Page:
Is there a war “on” the body of women?: Finance, territory, and violence

Louise Bourgeois, ’10 am is When You Come to Me’


Why do they kill us? What would allow us to name the escalation of women’s deaths (more than 80% of which occur at the hands of current or former lovers, boyfriends, or husbands) as a war? 1 Clearly it is not a war in the sense of a confrontation between two symmetrical parties. Nor is it conflict with clear rules of engagement. It is certainly necessary to conceptualize the scale and character of that antagonism, especially since now, at least in Argentina, it involves the death of one woman a day, a rate that increased dramatically in April of last year, following the International Women’s Strike in March. Proposing the category of war as a specific type of economy is part of a commitment to the intersecting epistemologies that make up the critique of economy today.

The notion of war enables us to highlight a dynamic that is defined by a dispute over force. It also allows us to challenge notions such as an “epidemic” of femicides, or other forms of the pathologization of violence against women. In Latin America, these discourses are used to blame women, and our collective political presence in public spaces, for the increase in violence. Therefore it is essential to critique the discourse of “juridical rationality” that argues that mass mobilizations have no effect in preventing murders, 2 as well as the “psy” discourses that claim that it is the illusion of women’s “empowerment” that leads women to their deaths. While these are specialized, professional, languages, they are also propagated in the media. Based on this supposedly “expert” knowledge, the media thus reinforces two key ideas: that there is causal link between larger women’s mobilizations and a greater violent response (the idea that women are responsible for the backlash against their growing politicization), and second, that women on their own are incapable of stopping femicides.

But why invoke the language of war? I propose that we recall Rosa Luxemburg’s vital analysis of war from the proletarian viewpoint, an analysis that understands the effect of war on the disorganization of workers’ struggles. Only when we analyze war outside of the framework of the nation can we grasp its mutations, or what Rita Segato calls “new forms of war.” They are “new” because violence against women’s bodies is their privileged text, 3 highlighting a crucially important colonial dimension. This dimension is expressed in the properly colonial methods of murdering women (such as impalement, but also through acid and dismemberment), as well as in the “colonial unconscious,” as Suely Rolnik calls it, which operates by devaluing the bodily knowledge that women prioritize in their new forms of sociability and politicization. Only in this way is it possible to understand the intense and increasing “pedagogy of cruelty” as Segato also conceptualizes 4– of this “expressive” (no longer only instrumental) violence that spreads enabling abuse and reproducing the mandate of patriarchal masculinity. But we can also add that its novelty comes from its reactive character, a misogynist response, to the growing and diverse forms of women’s autonomy. It is therefore connected to what Silvia Federici has long insisted on: the common denominator of violence against women is the devaluation of life and work brought on by this phase of contemporary globalization. This is why Federici speaks of “a permanent state of war.”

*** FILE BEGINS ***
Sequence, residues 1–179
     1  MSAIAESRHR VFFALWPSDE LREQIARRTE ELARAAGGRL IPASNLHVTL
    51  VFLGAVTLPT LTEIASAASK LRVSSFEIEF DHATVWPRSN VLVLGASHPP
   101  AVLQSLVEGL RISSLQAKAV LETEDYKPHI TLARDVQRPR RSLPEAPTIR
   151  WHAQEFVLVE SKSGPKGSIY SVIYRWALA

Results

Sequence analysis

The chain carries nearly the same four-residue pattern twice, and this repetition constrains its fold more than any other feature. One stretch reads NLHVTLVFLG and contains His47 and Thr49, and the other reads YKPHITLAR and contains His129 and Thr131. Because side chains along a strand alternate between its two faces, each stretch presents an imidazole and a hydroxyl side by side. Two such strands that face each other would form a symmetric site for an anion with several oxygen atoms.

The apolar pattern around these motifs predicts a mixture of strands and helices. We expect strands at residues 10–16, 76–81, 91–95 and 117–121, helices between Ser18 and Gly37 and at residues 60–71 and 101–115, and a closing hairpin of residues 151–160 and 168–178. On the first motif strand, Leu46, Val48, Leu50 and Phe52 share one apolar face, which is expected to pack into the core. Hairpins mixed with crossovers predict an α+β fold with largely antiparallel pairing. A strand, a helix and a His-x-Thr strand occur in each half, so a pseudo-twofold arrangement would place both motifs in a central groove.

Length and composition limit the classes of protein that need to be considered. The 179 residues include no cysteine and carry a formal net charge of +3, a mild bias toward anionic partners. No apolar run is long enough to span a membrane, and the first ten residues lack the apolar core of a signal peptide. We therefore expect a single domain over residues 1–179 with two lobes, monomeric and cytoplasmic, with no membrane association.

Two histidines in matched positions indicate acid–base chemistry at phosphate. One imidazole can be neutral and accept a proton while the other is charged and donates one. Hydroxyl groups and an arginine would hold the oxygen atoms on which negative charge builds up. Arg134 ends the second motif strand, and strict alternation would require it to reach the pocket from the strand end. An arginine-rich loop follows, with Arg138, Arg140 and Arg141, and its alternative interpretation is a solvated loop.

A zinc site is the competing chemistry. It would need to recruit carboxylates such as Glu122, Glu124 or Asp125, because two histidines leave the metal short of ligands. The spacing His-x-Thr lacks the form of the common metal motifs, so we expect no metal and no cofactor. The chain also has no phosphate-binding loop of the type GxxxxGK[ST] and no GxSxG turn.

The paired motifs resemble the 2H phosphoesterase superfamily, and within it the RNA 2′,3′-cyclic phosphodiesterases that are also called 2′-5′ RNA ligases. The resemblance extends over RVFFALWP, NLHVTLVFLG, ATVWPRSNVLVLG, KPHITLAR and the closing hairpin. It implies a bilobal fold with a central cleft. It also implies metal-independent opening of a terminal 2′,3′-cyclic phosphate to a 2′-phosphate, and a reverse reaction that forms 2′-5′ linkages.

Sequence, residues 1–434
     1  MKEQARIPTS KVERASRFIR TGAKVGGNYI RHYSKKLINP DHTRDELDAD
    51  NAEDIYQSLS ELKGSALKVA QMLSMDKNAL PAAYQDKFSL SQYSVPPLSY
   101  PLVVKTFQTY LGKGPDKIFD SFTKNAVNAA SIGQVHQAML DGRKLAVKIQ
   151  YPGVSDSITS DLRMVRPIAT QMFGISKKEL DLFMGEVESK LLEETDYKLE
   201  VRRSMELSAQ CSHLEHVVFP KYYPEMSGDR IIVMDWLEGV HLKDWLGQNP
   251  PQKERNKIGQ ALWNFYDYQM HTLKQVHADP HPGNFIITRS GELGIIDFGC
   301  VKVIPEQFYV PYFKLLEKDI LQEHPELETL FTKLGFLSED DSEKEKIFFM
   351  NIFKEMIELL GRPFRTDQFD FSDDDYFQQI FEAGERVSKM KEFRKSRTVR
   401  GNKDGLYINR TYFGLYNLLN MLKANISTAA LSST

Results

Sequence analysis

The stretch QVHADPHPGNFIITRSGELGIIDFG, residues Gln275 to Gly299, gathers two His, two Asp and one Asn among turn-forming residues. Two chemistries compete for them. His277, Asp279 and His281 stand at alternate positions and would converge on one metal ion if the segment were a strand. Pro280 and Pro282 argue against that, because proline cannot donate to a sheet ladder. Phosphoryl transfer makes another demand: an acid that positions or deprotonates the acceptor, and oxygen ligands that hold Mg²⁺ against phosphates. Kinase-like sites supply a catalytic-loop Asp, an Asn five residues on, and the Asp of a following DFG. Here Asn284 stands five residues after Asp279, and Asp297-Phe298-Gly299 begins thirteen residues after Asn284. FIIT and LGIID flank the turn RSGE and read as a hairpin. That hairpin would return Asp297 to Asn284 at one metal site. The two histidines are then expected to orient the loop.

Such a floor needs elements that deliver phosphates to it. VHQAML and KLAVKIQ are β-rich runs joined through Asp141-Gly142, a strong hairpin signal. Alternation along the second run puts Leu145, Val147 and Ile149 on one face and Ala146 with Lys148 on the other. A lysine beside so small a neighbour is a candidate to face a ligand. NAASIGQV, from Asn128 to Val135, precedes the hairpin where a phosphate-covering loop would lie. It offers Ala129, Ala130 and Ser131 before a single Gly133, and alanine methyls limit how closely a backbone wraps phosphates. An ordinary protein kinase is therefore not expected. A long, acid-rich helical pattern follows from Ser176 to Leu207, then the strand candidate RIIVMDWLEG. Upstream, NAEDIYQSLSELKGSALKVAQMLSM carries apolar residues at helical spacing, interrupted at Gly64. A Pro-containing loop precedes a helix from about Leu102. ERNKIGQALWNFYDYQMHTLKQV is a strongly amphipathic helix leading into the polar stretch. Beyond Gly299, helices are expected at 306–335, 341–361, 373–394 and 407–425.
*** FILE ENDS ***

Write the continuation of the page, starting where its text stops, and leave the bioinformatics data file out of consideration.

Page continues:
Starting from these points, it is possible to put together another logic to explain these supposedly aberrant crimes. My hypothesis is that today the war against women is expressed in four special scenes that are the foundation of femicides, that are the underlying layer of their prior production, or paraphrasing Marx, their primitive accumulation, and that there is a logic of connection between them. In this text, I want to highlight the specificity of finance, which gives the logic of connection between these four areas:


  1. The implosion of violence in households as an effect of the crisis of the figure of the male breadwinner and the related de-hierarchization of his role in the labor market. 
  2. The organization of new forms of violence as the principle authority in working class neighborhoods based on the proliferation of illegal economies that replace, under different logics, methods for provisioning resources. 
  3. The dispossession and looting of the common land and resources that enable communitarian life by transnational corporations, depriving other economies of their material autonomy. 
  4. The articulation of forms of exploitation and extraction that share the common element of the financialization of social life, and particularly the apparatus of debt.

In this text, I want to do the following: first, to propose the organic relationship between these four dimensions; then, to return to the characterization of the “war”; and finally, return to the beginning: what type of force is this escalating offensive of male violence against women responding to? In what economies is the autonomy of women inscribed? Here I will especially concentrate on the experience of the women’s strike in Argentina. At this point war will undergo a displacement: because a war “on” the body of women means that there is a war “against” women.

The connection between different forms of violence